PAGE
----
• The People with Disability float will take to Oxford street in February. (Supplied)
People with disability, just like everyone else, have a wide range of identities, and a right to be included in community events.
By
Samuel Leighton-Dore

13 Feb 2020 - 2:23 PM  UPDATED 24 Feb 2020 - 3:10 PM

The Sydney Gay And Lesbian Mardi Gras 2020 is almost upon us, with thousands of marchers busily rehearsing their routines, finishing off their costumes, and putting the final touches on their floats.

One such float belongs to People with Disability Australia (PWDA), which is returning for its tenth year with more marchers and participants than ever, eager to represent an often forgotten faction of Australia's LGBTIQ+ community.

"LGBTIQA+ people with disability face a range of issues that are often overlooked, such as acknowledging that people with disability have a sexuality, and a right to sexual expression, as well as wanting to get together with our peers to celebrate who we are," said PWDA President David Abello, who marched in the original Sydney Mardi Gras on 24 June 1978.

"LGBTIQA+ people with disability can face discrimination from service providers, and a general erasure of our experiences from both disability and queer communities."

Abello added: "We are so proud to be part of Mardi Gras, and for our float to be growing each year! People with disability, just like everyone else, have a wide range of identities, and a right to be included in community events."

The group's float for 2020 is themed 'Illuminating Connections', consisting of six mannequins representing the different colours of the rainbow.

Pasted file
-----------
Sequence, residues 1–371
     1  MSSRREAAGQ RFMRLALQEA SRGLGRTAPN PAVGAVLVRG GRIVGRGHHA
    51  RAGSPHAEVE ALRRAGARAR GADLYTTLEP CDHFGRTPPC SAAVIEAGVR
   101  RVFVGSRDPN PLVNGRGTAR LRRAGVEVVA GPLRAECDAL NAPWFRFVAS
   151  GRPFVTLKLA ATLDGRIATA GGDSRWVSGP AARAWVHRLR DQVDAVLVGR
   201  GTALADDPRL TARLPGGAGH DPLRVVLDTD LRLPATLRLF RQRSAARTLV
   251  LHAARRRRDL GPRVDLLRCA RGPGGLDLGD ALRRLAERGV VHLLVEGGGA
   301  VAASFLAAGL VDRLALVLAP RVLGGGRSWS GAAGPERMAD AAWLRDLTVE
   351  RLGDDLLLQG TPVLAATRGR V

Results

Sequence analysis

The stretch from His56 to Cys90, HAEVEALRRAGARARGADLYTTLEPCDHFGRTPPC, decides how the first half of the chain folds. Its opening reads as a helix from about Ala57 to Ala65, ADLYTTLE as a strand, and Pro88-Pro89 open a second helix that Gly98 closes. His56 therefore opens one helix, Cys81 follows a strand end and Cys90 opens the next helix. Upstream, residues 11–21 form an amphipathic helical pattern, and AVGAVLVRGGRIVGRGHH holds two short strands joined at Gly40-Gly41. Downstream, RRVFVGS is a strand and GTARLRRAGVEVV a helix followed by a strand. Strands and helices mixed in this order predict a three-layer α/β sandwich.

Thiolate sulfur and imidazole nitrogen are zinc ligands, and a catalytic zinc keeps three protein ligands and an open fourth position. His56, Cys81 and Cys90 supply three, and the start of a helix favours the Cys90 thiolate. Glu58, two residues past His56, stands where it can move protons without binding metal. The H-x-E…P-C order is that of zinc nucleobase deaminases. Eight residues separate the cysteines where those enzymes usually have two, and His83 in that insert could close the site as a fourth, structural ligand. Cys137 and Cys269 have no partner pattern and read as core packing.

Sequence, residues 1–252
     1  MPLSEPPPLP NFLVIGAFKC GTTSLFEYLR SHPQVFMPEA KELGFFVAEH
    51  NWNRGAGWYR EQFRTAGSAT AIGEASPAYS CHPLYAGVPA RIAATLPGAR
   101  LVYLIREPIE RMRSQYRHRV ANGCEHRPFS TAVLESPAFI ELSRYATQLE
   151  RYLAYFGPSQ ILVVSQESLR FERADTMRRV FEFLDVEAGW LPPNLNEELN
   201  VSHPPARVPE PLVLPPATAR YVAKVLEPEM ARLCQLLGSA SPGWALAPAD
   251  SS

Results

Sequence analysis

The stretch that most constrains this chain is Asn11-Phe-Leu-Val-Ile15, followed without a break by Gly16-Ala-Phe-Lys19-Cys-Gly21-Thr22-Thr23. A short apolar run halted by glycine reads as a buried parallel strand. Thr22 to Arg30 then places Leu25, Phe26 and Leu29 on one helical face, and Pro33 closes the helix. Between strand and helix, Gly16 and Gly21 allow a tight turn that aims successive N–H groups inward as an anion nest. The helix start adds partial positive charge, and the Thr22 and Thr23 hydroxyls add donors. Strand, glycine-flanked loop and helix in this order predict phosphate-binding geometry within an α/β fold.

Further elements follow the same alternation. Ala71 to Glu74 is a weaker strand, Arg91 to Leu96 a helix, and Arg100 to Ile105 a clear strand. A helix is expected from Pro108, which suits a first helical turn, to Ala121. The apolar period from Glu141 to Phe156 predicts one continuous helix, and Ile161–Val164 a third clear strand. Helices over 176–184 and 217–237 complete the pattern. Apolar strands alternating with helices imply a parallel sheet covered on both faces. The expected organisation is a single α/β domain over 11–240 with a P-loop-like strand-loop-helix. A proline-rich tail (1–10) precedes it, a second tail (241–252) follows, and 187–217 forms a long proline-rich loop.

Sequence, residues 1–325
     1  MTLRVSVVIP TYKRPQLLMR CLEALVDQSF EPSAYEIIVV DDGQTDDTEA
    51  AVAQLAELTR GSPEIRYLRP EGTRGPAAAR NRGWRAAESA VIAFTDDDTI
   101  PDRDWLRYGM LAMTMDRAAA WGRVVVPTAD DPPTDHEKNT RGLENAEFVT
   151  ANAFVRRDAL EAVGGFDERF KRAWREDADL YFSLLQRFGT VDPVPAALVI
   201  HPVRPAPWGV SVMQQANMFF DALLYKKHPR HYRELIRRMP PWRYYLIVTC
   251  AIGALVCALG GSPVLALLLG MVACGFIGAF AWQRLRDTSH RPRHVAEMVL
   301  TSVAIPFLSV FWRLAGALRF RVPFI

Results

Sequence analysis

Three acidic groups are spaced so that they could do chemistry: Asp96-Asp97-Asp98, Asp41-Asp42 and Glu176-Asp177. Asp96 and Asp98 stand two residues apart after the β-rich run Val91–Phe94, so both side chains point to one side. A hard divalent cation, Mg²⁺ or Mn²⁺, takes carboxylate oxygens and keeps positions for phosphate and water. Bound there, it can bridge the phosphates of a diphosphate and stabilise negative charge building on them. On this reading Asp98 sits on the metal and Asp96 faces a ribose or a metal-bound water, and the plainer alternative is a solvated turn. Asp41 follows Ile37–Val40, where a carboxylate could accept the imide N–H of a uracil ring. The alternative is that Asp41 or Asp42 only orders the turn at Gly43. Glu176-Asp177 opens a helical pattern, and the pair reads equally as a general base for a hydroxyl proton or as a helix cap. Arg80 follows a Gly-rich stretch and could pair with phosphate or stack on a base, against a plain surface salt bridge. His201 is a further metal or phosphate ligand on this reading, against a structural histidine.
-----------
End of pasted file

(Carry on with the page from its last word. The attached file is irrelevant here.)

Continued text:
"Each mannequin will light up individually and display a message around our rights such as a right to be free from violence and abuse, a right to learn about sex etc," Abello explained.

"They symbolise connection and inclusion while displaying the fact that we are we’re all different, yet we are part of the LGBTIQA+ community.

"It’s so important that LGBTIQA+ people with disability are included in the wider queer community. Often events aren’t accessible, and people with disability find they haven’t been welcomed. Come and say hello to us at the parade!"

"It’s so important that LGBTIQA+ people with disability are included in the wider queer community."

Reflecting on the progress he's witnessed for the community since 1978, Abello said there was still a lot of work to do.

"I’ve been pushing for the inclusion of people with disability in the queer community for a long time, but also for the disability community to be more accepting of diversity," he told SBS Pride.

"In 2020, it is certainly better for LGBTIQA+ people with disability than it was, but we still have a way to go.”

The Sydney Gay And Lesbian Mardi Gras 2020: Live Stream will be available to watch here from Saturday, 29th February 2020 at 07:30 PM.

RECOMMENDED
International viewers will be able to watch the Mardi Gras parade live for the first time
SBS On Demand will remove its geo-block for the TV event, which airs on Saturday 29th February at 7.30pm.
'Highlight of my career': Sam Smith joins massive Sydney Mardi Gras lineup
"Australia has meant so much to me as a queer person."
Kesha set to perform at 2020 Mardi Gras After Party
Considering the party does not start till she walks in, this is very good news.
Sydney Mardi Gras parade coverage to be broadcast live on SBS for the first time
Courtney Act will be joining the lineup of hosts.
Everything you need to know about the 2020 Sydney Gay and Lesbian Mardi Gras
There's a new theme, epic performers, plus plenty of exciting events planned for LGBTIQ+ Australians of all ages.